Humanitarian and Compassionate Cases
One of the most discretionary areas of the Immigration and Refugee Protection Act (IRPA) is section 25 – Humanitarian and Compassionate (H&C) Applications.
Almost anyone can apply to stay in Canada on humanitarian or compassionate grounds. This includes refugee protection claimants whose claims are not approved by the Immigration and Refugee Board. (Your application will not prevent or delay your removal from Canada —you must leave on or before the date stated on your removal order. Your application will still be processed even if you have to leave Canada.)
The applicant must clearly demonstrate that they would experience unusual and undeserved or disproportionate hardship if they were required to leave Canada.
Your application will be assessed on the information the applicant provides and a decision will be made based on the applicant’s personal circumstances and whether these particular circumstances merit humanitarian and compassionate consideration.
Applications to become a permanent resident on humanitarian and compassionate grounds are approved only in exceptional circumstances. It can take many years to process an application.
There is no guarantee that your application will be approved. There is no right to appeal a refused application for permanent residence on humanitarian and compassionate grounds. In some cases, however, you can ask the Federal Court of Canada to review the decision.
Many in land H&C applications are based on a significant degree of economic and cultural establishment as set out in chapter IP 5:
Does the applicant have a history of stable employment? Is there a pattern of sound financial management? Has the applicant integrated into the community through community organizations, volunteer or other activities; What hardship would occur if the application for a visa exemption were refused – The level of interdependency; Support available in the home country; Whether the applicant is able to work; and Is there a significant degree of establishment?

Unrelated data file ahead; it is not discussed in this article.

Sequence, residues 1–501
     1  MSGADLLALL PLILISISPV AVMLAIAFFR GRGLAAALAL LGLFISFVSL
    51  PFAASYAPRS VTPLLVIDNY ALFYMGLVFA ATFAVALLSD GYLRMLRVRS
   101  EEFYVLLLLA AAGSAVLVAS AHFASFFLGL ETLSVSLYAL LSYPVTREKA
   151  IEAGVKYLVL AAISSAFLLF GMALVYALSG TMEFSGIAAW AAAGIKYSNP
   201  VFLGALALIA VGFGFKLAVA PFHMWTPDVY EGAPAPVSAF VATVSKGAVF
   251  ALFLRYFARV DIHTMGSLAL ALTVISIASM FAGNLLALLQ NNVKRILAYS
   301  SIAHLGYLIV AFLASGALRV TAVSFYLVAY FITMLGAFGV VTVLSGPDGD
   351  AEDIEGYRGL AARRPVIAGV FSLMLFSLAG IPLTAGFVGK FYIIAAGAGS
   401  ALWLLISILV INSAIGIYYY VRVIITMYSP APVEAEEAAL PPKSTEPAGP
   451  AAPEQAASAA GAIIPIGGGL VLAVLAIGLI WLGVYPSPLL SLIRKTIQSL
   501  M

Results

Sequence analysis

The IRPA also cites a statutory obligation to take into consideration the best interests of the child when examining and deciding the circumstances of a foreign national making a request under section 25(1) of IRPA. This is one of the strongest factors that can be argued under H&C applications.
There is no question H&C applications can be one of the most challenging applications for a lawyer to prepare for a client but it can also be one of the most rewarding!
If you think you have a strong basis for an H&C application or woud like more information, contact us today!
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Humantarian & Compassionate Cases Click Here.